Edited by Jack W. Meek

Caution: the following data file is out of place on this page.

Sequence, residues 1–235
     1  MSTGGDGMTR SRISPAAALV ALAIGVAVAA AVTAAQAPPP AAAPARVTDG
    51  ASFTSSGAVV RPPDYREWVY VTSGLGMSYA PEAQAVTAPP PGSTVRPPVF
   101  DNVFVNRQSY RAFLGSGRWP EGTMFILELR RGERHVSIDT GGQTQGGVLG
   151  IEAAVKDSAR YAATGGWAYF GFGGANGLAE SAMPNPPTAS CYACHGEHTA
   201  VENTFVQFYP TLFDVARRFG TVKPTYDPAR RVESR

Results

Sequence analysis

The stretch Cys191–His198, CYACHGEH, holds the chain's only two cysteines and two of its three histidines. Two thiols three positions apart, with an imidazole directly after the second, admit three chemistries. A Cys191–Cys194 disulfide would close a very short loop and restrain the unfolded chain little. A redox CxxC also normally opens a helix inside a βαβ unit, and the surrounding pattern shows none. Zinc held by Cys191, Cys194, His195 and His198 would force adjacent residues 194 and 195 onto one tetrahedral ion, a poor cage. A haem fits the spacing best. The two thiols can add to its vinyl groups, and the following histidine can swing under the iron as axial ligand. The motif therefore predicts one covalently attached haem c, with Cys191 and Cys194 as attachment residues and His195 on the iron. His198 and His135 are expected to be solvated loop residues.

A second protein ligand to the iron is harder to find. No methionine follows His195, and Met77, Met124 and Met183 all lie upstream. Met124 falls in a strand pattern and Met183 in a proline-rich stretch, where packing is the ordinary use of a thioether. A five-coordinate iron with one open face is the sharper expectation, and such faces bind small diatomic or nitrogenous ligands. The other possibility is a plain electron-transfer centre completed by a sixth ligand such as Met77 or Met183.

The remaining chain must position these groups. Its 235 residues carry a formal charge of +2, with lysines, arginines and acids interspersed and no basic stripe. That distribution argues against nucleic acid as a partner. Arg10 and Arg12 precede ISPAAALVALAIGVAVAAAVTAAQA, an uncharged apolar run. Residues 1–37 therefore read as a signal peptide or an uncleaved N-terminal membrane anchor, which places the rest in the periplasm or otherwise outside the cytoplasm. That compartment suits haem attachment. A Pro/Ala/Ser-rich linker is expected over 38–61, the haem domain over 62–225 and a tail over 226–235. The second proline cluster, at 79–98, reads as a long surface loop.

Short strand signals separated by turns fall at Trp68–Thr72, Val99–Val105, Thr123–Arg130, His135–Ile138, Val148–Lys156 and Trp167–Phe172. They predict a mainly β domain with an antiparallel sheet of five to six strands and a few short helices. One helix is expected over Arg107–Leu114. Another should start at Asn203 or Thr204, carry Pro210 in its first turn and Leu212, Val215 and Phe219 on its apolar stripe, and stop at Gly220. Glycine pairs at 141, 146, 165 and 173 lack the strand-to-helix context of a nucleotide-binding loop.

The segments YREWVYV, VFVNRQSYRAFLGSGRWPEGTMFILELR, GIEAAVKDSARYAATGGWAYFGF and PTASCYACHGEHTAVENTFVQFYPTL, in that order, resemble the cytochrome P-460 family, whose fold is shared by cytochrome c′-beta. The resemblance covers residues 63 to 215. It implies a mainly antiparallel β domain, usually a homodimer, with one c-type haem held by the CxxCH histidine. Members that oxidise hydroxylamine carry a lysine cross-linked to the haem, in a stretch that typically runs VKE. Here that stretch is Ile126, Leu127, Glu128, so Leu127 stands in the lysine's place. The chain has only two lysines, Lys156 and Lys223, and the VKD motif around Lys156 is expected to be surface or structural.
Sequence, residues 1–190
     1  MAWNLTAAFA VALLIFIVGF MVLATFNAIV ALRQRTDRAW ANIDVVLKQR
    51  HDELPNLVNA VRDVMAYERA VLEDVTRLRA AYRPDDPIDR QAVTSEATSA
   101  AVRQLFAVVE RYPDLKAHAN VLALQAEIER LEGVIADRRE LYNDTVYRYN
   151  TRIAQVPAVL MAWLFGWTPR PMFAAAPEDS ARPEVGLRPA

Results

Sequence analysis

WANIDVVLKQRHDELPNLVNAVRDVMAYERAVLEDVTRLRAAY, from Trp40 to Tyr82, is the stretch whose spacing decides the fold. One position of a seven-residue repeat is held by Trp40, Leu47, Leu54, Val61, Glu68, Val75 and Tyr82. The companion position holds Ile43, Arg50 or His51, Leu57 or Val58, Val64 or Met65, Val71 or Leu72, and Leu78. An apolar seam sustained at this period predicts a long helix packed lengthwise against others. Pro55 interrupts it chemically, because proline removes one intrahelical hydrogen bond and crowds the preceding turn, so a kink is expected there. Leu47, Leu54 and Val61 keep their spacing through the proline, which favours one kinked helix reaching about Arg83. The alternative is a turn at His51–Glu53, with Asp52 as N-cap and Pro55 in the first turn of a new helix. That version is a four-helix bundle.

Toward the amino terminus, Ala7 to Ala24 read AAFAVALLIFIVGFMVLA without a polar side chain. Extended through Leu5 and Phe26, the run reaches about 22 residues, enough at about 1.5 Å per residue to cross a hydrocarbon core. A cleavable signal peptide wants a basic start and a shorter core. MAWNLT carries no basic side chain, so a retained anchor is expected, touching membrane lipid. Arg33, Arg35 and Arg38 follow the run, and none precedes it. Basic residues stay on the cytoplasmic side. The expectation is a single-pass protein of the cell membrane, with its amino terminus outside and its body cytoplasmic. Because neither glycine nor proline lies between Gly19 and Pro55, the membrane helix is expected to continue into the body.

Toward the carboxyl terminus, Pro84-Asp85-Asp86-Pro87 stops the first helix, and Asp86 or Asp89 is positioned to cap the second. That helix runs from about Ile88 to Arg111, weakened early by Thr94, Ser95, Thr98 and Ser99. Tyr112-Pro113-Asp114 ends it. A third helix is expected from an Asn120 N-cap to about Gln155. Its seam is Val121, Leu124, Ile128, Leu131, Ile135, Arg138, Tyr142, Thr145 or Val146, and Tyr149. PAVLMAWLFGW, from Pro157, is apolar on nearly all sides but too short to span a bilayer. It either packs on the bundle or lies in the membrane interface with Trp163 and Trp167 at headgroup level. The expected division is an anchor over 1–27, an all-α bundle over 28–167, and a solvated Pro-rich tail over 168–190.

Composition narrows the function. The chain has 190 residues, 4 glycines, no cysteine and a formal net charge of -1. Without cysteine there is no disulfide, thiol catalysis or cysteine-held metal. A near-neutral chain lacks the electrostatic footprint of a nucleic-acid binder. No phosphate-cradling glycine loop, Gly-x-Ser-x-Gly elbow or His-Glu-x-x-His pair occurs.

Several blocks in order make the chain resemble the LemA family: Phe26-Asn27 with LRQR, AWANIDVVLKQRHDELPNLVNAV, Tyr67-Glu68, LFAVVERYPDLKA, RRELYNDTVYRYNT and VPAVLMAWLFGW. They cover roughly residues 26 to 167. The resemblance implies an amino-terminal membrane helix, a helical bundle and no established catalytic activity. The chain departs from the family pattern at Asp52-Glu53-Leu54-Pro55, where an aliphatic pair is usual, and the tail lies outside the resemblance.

Globally, management of scarce freshwater resources presents governments and communities with challenges. These are often referred to as wicked problems because they bring together natural, socio-economic and environmental viewpoints and their solutions must accommodate the changing nature of human societies and their values relating to freshwater. The institutional contexts in which water governance takes place tend to be complicated, often spanning multiple governmental jurisdictions and involving multiple actors and action arenas. This chapter explores collaborative approaches that have been used in the governance of freshwater, through a collaborative governance and integrated water management theory lens. Three case studies, two from New Zealand and one from the United States of America, with a regional, subnational and national focus, illuminate how these collaborative governance processes worked to achieve solutions to freshwater governance. While the collaborative approaches offer novel solutions, their co-existence with traditional bureaucratic governance presents challenges to their durability.
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